enormously proud of this accomplishment, and it is one of the three achievements noted on his

tombstone. Scholars have concluded that the passage of this bill was highly influential, and

helped shape the views of many regarding the relationship between church and state: “[O]wing

to the political leadership of Virginia at this formative period in our history, and the high

standing of her statesmen in the Federal Constitutional Convention, the document had a very

great influence on establishing religious freedom in this country” (Stokes 1950, p. 394).

Acknowledging Jefferson and Madison’s collaboration is thus critical for having a proper

understanding of the Establishment Clause.




Center for Inquiry, March 2007                                                                      8
THE CONSTITUTION

       In the summer of 1787, fifty-five delegates gathered in Philadelphia to draft the original

Constitution of the United States. The original Constitution itself has only one provision that

addresses religion and that is a provision that draws a sharp boundary between church and state.

In Article VI, Clause 3, the Founders prohibited all religious tests for public office. (“no

religious test shall ever be required as a Qualification to any Office or public trust under the

United States”). That this provision is the sole reference to religion in our Constitution is both

truly remarkable and significant. As some scholars have noted:

      God and Christianity are nowhere to be found in the American constitution, a reality
      that infuriated many at the time. The U.S. Constitution … is a godless document. Its
      utter neglect of religion was no oversight; it was apparent to all. Self-consciously
      designed to be an instrument with which to structure the secular politics of individual
      interest and happiness, the Constitution was bitterly attacked for its failure to
      mention God or Christianity. (Kramnick and Moore 1997, pp. 27-28).


It is also significant that during their deliberations, when they had difficulty working out

consensus on various issues, the delegates specifically refused suggestions that they pray for

guidance (Pfeffer 1967, p. 122).

       The Founders understood that the prohibition of any religious test meant not just that

persons seeking public office could not be required to subscribe to a particular religious belief,

but that they could not be required to subscribe to any religious belief. Madison, in Federalist

No. 52, defended the prohibition of any religious test for public office. He wrote that public

office should be open to “merit of every description” without regard to any “profession of

religious faith” (Rossiter 1961, p. 326). Similarly, on October 17, 1788, in a letter to Jefferson,

Madison was contemptuous of the objections to the prohibition of any religious test for office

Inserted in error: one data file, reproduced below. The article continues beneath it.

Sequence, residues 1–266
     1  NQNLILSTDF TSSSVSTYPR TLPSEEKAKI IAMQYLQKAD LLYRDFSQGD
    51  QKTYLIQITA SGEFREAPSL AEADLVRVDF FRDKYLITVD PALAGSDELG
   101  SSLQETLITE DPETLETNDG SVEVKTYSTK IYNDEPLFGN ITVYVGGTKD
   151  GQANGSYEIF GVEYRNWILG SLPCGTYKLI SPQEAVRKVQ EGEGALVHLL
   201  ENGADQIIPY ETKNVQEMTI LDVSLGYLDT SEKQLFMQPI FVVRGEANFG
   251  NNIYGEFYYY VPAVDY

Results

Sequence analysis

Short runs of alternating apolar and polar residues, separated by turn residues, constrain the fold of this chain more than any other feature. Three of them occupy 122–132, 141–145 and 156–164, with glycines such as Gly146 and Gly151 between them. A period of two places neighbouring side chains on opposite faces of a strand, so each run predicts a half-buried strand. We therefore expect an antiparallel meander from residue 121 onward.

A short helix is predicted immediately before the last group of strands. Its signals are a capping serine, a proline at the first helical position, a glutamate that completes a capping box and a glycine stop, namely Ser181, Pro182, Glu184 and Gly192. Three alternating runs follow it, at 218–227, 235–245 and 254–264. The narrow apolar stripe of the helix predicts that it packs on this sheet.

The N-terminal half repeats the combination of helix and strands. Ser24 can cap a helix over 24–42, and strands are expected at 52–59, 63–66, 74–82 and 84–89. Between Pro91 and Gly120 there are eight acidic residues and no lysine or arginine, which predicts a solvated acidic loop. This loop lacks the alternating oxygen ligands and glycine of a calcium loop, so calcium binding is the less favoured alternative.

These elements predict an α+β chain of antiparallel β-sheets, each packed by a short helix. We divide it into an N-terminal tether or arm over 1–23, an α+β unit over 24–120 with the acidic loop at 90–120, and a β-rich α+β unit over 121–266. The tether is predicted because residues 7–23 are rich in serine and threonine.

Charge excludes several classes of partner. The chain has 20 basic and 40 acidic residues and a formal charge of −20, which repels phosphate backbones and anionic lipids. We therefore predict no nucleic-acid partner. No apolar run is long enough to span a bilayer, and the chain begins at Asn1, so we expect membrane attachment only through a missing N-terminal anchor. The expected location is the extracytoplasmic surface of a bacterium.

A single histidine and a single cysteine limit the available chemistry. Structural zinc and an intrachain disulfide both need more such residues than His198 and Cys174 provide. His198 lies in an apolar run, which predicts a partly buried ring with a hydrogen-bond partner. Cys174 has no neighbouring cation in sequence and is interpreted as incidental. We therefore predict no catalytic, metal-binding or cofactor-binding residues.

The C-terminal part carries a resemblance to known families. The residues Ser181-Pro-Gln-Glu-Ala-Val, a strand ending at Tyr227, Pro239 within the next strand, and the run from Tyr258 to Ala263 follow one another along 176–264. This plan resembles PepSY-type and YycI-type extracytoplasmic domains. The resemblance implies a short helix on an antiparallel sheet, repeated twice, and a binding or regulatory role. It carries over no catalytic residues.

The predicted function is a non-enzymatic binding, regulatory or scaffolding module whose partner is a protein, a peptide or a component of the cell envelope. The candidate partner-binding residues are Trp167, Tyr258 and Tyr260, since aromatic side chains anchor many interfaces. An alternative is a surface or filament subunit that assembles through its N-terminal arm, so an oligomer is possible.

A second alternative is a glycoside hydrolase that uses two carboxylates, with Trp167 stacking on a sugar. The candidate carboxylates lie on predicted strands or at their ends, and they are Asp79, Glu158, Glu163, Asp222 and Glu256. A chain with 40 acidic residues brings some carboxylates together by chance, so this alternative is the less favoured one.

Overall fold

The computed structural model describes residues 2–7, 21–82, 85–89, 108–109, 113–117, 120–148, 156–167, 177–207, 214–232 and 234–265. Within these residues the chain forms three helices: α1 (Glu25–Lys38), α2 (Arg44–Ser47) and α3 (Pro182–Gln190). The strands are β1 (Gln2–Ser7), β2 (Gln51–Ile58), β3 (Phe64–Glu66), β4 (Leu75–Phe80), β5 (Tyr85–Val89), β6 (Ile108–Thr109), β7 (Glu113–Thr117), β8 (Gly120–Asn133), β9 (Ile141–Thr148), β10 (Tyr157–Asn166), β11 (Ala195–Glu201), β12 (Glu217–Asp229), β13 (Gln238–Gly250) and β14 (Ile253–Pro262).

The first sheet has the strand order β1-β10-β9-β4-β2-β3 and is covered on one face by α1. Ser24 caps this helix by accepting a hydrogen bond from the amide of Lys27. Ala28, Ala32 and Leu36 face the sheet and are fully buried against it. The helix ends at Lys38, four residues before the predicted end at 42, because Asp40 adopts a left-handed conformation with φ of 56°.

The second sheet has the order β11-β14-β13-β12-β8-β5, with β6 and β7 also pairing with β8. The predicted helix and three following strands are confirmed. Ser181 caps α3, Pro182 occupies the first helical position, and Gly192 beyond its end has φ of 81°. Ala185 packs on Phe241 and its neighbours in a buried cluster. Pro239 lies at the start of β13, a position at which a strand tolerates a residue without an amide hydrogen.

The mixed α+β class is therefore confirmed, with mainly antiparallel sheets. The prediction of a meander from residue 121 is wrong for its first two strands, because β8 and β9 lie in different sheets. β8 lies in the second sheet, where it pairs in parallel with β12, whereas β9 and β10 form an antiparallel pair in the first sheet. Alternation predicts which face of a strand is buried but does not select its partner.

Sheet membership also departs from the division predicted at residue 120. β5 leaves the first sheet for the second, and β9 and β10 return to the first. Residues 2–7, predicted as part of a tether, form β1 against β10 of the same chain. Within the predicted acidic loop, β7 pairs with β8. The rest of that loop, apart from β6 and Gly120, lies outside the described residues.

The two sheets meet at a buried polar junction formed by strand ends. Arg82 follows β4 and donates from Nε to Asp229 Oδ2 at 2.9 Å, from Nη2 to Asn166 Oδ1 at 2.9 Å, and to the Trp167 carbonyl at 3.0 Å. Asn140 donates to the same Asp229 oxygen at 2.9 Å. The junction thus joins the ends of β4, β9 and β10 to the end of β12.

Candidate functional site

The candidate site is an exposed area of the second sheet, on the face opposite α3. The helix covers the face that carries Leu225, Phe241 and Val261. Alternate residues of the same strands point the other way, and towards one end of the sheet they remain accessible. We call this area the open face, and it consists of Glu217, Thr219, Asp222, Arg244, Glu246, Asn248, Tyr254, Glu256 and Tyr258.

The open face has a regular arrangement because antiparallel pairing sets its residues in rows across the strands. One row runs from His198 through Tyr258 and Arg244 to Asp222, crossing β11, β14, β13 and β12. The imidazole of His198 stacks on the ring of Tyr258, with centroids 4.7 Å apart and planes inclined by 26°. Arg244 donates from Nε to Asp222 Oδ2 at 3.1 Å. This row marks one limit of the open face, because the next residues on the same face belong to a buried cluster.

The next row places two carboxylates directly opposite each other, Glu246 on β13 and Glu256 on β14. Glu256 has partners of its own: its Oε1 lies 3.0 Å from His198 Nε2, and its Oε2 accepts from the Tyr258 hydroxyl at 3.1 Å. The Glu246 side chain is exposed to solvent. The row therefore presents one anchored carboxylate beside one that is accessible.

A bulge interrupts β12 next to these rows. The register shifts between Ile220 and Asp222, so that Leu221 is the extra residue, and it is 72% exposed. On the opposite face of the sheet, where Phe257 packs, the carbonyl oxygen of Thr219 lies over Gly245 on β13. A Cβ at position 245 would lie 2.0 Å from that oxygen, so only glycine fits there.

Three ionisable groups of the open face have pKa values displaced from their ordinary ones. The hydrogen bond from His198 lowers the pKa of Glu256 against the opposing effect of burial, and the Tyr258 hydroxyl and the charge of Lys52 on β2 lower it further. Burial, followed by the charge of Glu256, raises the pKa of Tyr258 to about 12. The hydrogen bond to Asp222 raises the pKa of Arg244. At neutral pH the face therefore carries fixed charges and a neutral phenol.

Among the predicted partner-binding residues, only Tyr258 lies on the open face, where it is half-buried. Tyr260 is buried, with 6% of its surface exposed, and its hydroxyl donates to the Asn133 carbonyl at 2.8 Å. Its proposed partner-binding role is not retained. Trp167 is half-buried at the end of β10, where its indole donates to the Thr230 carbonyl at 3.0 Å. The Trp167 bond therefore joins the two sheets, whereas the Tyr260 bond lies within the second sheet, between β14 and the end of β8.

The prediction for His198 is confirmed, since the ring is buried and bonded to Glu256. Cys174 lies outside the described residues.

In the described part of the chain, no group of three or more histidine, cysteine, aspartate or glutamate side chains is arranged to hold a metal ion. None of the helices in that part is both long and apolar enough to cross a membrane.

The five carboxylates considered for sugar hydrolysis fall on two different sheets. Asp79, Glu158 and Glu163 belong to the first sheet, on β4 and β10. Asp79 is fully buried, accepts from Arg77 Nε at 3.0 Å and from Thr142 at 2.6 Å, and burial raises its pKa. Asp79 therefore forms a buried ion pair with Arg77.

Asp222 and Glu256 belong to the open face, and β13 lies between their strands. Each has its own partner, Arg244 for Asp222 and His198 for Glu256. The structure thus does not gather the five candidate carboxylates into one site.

because those objections were rooted in a prejudiced concern over “Jews, Turks & infidels”

Center for Inquiry, March 2007                                                                        9
being elected to office (Alley 1985, p.72). Madison wrote that the “rights of conscience” would

be substantially narrowed if “submitted to public definition.” Moreover, as the United States

Supreme Court has noted, Torcaso v. Watkins, 367 U.S. 488, 495 n. 10 (1961), during the

ratification debates on the Constitution, James Iredell, later to become a justice of the Supreme

Court, argued in favor of the prohibition against any religious tests for office by saying that if we

are to value religious liberty, we must allow “pagans” and those “who have no religion at all” to

be elected to office.

       The prohibition of a religious test for public office is, considered by itself, persuasive

evidence that the Founders did not want government favoring religion, even before the adoption

of the Bill of Rights. Ironically, however, the fact that the Constitution did have one provision

addressing religion, namely the prohibition of any religious test, caused some anxiety to those

who wanted a secular state. In their view, having any provision that addressed religion, even one

prohibiting a religious test, suggested that government had some authority in religious matters.

Edmund Randolph, in fact, wrote to Madison and asked him whether Article VI did not imply

that Congress had “power over religion” (Kramnick and Moore 1997, p. 44).

       Randolph’s concern reflected a worry that many Americans had at this time about having

a federal government that was too strong. Those who favored the Constitution had to insist that

the federal government was solely a government of limited, delegated powers. This is one of the

persistent themes of The Federalist. On this view, the federal government would have authority

over a certain area only if the Constitution stated it would have such authority. Therefore, the

mere mention of religion in the Constitution, even in the context of a provision prohibiting a

religious test, concerned some who were strongly in favor of a separation of church and state.



Center for Inquiry, March 2007                                                                      10
       The belief that the federal government had only those powers that were expressly

delegated to it also explains, in part, Madison’s initial ambivalence regarding a bill of rights.